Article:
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Old Aug 17, 2006, 5:46 PM   #16
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You are shooting under tough conditions. I think many cameras, even DSLR's will struggle getting the color right in aquarium shooting with bright metal halide lights. Do you do any post work?? Editing software will allow you to fine tune the image to make it closer to what you see.
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Old Aug 17, 2006, 6:07 PM   #17
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rjseeney wrote:
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You are shooting under tough conditions. I think many cameras, even DSLR's will struggle getting the color right in aquarium shooting with bright metal halide lights. Do you do any post work?? Editing software will allow you to fine tune the image to make it closer to what you see.

Yes but why does the Cheapy little 2mp Nikon do so well?!?!

I can do post work, but its a big difference so it will get kind of annoying having to edit every image like that.
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Old Aug 17, 2006, 6:28 PM   #18
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I can't see the EXIF in your images (it's been stripped out by the software used to edit/downsize it, or the site you're posting it on).

But, I'd make sure it's not user error before jumping to any conclusions (i.e., you think the camera is using your custom white balance and it's not).

A suggestion...

Download something like Irfanview from http://www.irfanview.com and use the Image, Resize/Resample menu choice, downsizing it to around 640 pixels wide. Save it using "File, Save As" (leaving the boxes that are already checked alone, since you'll want to retain the EXIF)and post it to the forums so that users can take a look at the camera settings used (you'll see a "Browse" box when you make a post that allows you to attach an image).

Your last image appears to be underexposed, too. But, that wouldn't account for the White Balance problem (the section in the upper right corner appears to be *way* off, just as if you used a flash with a White Balance set to Incandescent.

You weren't using a flash, were you? If so, that's your problem. A custom white balance is designed for the lighting you're shooting in, and a camera's flash is going be be closer to daylight (somewhere around 5600k).

Some cameras may automaticaly override a custom WB when using a flash, and some may honor it.

P.S. -- A photographic gray card can work better with some cameras for setting WB, too. With some models, you really don't get a good reading from a white card since it can be too reflective. Some cameras are finnicky about needing to set them to spot metering for taking WB readings, too -- making sure the entire frame is filled with the white or gray card you're using as a reference.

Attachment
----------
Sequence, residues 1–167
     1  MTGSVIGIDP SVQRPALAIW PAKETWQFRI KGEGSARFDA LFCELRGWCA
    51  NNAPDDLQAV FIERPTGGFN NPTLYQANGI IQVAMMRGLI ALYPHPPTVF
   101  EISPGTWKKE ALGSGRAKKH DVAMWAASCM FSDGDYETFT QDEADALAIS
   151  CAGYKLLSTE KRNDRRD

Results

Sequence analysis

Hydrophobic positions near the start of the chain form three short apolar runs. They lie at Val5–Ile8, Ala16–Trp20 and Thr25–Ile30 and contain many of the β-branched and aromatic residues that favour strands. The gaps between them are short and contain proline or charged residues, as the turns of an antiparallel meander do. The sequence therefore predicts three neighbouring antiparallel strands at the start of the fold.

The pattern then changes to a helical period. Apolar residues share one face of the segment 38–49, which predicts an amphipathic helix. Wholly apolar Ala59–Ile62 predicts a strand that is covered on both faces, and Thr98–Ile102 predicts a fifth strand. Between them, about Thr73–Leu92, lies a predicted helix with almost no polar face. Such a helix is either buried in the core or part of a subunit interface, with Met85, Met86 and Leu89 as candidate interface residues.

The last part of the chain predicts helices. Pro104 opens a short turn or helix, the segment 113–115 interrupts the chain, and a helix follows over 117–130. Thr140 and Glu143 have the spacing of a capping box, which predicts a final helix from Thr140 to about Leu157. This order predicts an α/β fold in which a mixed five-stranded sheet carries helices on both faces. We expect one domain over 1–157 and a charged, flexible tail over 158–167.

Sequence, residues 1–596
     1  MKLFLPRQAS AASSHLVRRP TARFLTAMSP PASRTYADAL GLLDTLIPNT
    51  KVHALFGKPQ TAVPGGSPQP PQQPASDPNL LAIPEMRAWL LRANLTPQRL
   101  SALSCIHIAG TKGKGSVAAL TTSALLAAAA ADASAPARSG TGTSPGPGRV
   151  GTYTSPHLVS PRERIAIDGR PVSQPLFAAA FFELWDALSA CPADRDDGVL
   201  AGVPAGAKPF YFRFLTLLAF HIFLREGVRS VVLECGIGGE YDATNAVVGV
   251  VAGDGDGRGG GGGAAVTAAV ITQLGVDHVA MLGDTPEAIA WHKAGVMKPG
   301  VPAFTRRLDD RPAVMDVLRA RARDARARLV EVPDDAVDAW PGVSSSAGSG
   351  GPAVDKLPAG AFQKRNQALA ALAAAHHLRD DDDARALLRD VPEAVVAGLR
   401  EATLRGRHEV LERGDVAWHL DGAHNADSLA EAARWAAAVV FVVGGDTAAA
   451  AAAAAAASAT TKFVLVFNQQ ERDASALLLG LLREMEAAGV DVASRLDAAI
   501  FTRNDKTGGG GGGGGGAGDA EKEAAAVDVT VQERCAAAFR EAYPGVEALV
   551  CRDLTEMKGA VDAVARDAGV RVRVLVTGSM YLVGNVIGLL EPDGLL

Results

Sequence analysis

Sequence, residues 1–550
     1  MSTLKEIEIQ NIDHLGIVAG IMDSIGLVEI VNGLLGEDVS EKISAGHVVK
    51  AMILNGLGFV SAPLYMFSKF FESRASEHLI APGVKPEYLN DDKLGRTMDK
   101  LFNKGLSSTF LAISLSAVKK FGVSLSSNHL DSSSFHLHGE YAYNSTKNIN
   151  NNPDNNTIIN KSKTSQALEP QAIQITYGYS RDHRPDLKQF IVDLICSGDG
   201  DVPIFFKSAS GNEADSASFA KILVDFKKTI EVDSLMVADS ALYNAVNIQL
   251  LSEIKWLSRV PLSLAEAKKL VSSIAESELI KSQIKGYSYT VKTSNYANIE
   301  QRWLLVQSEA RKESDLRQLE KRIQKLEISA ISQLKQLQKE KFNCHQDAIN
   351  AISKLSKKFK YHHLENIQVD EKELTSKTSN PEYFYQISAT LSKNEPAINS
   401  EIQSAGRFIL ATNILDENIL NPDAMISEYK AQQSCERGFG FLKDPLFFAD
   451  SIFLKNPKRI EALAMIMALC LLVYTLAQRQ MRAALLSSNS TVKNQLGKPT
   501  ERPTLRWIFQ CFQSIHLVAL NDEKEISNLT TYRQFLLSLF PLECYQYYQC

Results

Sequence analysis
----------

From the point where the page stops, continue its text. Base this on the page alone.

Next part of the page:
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Old Aug 17, 2006, 7:06 PM   #19
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JimC wrote:
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I can't see the EXIF in your images (it's been stripped out by the software used to edit/downsize it, or the site you're posting it on).

But, I'd make sure it's not user error before jumping to any conclusions (i.e., you think the camera is using your custom white balance and it's not).

A suggestion...

Download something like Irfanview from http://www.irfanview.com and use the Image, Resize/Resample menu choice, downsizing it to around 640 pixels wide. Save it using "File, Save As" (leaving the boxes that are already checked alone, since you'll want to retain the EXIF)and post it to the forums so that users can take a look at the camera settings used (you'll see a "Browse" box when you make a post that allows you to attach an image).

Your last image appears to be underexposed, too. But, that wouldn't account for the White Balance problem (the section in the upper right corner appears to be *way* off, just as if you used a flash with a White Balance set to Incandescent.

You weren't using a flash, were you? If so, that's your problem. A custom white balance is designed for the lighting you're shooting in, and a camera's flash is going be be closer to daylight (somewhere around 5600k).

Some cameras may automaticaly override a custom WB when using a flash, and some may honor it.

P.S. -- A photographic gray card can work better with some cameras for setting WB, too. With some models, you really don't get a good reading from a white card since it can be too reflective. Some cameras are finnicky about needing to set them to spot metering for taking WB readings, too -- making sure the entire frame is filled with the white or gray card you're using as a reference.


Hi and really thanks for helping me!

No flash was used.

Apparantly the Exif is automatically turned off. I will try to turn it back on and get you another sample. Yeah because I used photoshop only to downsize the samples to make them easily downloadable to 400pixels wide.
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Old Aug 17, 2006, 7:24 PM   #20
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Cant seem to find where to turn the exif on, is this even possible with this camera?